Seawater cooled data centers

swac-mauritius

Remember Mauritius from High School geography? We didn’t either, but apparently it’s a small island nation east of the southern tip of Africa. It seems they are trying to develop an industry in eco-friendly data centers. The plan is to use a pipeline to gather cold water from the ocean, run it two miles to the island, and use it as inexpensive cooling. Because rooms packed with servers generate copious amounts of heat it’s easy to see how this can reduce the cost of maintaining a data center.

The thing that struck us here is, how eco-friendly is this? The article mentions that this technology is fairly mature and is already used in several places. With that in mind, isn’t this just another way to raise the temperature of the oceans, or does the environmental savings of not using electricity or gas to produce the cooling offset this?

[Thanks Vesanies]

Comments

  1. Kevin says:

    @aztraph

    “Owen: i’m sorry, your an idiot…”

    ah, the perennial classic. Makes my day when I read this line. :-)

  2. bound says:

    This is fundamentally a good idea. 40 degree chilled water can be used in hydronic systems to great effect. Moving the water two miles And insulating it well enough to stay cold would be quite a challenge. Piping does carry a (seemingly) small friction coefficient that doesn’t always come into design challenges until you are talking about long lengths or small pipes. And that is in a perfectly insulated system. 58 degree chilled water much less attractive to use in a conventional precision cooling environ.

    To those who say that this has no effect on the thermal capacity of the ocean: you are wrong. “taking” heat out of a system will always have an effect on that system no mater how immeasurable it is on a small scale. Returning more energy to thAt system (hotter water) also.

    I like the Idea of using the heated water in preheat applications much better (with perfect insulAtion again)
    iaaaPE (mechanical)

  3. Darryl Smith says:

    Nothing new about this sort of thing. The Sydney Opera House does the same thing with it’s Air Conditioning. Also, the electricity supplier in Christchurch, New Zealand used to use waste heat in the public swimming pool across the road heating the water.

  4. ricardo says:

    You get nothing for free, and cooling is definitely “something”. Now you can pay for it with coal which you burn to create electricity, and the coal will pollute and waste a bunch of energy as heat, and the transmission grid will waste energy via heat and the chilling system will waste a bunch of energy as heat.. Or if you are luck you can do like these guys and use 90% less electricity and harness the temperature differential in the deep trench off the island to be your thermal sink.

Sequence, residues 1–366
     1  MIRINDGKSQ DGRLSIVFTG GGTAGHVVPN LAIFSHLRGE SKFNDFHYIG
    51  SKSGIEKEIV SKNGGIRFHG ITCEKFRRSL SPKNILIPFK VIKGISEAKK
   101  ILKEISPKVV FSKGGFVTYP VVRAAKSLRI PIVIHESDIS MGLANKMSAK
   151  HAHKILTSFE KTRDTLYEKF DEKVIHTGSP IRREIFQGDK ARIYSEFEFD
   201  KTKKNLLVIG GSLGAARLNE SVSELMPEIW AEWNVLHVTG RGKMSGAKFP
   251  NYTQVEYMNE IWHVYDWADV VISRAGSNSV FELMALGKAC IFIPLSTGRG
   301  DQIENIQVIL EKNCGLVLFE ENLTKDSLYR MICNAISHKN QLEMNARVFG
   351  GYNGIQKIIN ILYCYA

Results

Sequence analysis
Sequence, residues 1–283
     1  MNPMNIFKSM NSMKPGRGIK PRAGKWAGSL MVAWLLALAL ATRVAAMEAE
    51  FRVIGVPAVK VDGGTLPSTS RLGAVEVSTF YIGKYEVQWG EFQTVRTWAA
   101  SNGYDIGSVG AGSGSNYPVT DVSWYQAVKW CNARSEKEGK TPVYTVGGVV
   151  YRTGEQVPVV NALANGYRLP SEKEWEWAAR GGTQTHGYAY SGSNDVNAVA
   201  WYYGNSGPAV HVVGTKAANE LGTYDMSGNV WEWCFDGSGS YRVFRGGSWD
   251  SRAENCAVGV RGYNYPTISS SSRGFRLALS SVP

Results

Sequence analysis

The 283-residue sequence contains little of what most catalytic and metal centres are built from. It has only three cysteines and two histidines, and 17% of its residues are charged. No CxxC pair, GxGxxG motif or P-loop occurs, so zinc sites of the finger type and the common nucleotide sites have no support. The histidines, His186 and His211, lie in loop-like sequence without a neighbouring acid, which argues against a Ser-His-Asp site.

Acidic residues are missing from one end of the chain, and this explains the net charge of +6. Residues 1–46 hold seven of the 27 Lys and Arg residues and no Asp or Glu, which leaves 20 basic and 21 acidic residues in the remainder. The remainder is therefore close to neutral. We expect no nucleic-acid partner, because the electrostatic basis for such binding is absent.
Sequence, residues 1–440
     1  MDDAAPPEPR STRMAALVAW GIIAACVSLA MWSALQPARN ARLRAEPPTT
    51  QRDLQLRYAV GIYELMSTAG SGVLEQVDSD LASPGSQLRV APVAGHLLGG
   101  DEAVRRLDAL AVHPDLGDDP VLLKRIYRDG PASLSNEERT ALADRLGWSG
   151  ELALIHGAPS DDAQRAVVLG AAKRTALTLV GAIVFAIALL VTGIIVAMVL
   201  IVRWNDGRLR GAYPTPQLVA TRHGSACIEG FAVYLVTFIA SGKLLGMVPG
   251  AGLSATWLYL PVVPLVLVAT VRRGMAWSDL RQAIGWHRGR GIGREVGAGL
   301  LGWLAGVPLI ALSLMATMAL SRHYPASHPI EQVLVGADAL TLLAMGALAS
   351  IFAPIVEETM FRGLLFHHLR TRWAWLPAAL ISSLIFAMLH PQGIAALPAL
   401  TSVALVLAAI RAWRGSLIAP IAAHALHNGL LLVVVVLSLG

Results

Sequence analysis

If you do not understand why this it a good idea then you do not understand basic physics, please review the first law of thermodynamics and try again. If that doesn’t help then think about the electrical cooling system as taking a loan from a loan shark (IE burning fossil fuels), to cover the loan to the bank (to power the grid), to pay your credit card (to cool your CPU)…. Rather then just paying the credit card directly. Why go through all the middle men and lose 90+% of the efficiency?

  5. Ugly American says:

    They’ve been using ocean assisted A/C & solar hot water heating in Hawaii for years.

    In places like Vegas they do ground loops where you run water/coolant though a closed loop deep enough into the ground where the temperature is about 55F all year. It used to be common to use evaporative cooling (because it’s so dry here) but the Feds take our water now give it to California.

    For anybody having trouble understanding please consider the free online MIT lectures. It’s very easy to learn the basics.

    http://ocw.mit.edu

  6. AS says:

    Remember the USA from High School geography? We didn’t either, but apparently it’s an ill-educated, backwards country between Mexico and Canada.

  7. therian says:

    Everything in large scale more effective, the problem is large amount of $ for building such system, do you think every resident of building will be OK with paying couple $K instantly even if it will save them 100X more over long run

  8. cantido says:

    Pretty sure they’re doing this in Gibraltar for the big warehouse’o’gambling’s AC, It’s right next to the sea.

  9. Since the 1970′s my company has specialised in “Sub-sand sea water abstraction”. We install filters, some up to 70 metres long under sandy beaches and suck! Result, clean filtered sea water, with a massive filter bed, constantly washed by waves and tidal action. Nearly all coastal sea water aquariums and research labs in UK and Ireland use our system. In recent years we have installed these intakes in Greece for exactly this purpose. Cool sea water in for air conditioning. The warmed water goes to the pools and spa and the surplus back to the sea. Win win, and very environmentally friendly.

    Compare this with conventional air conditioning which generates heat! No contest.
    Richard.

  10. agw says:

    Warming even a small lake with a datacenter would be like warming a pool with a matchstick.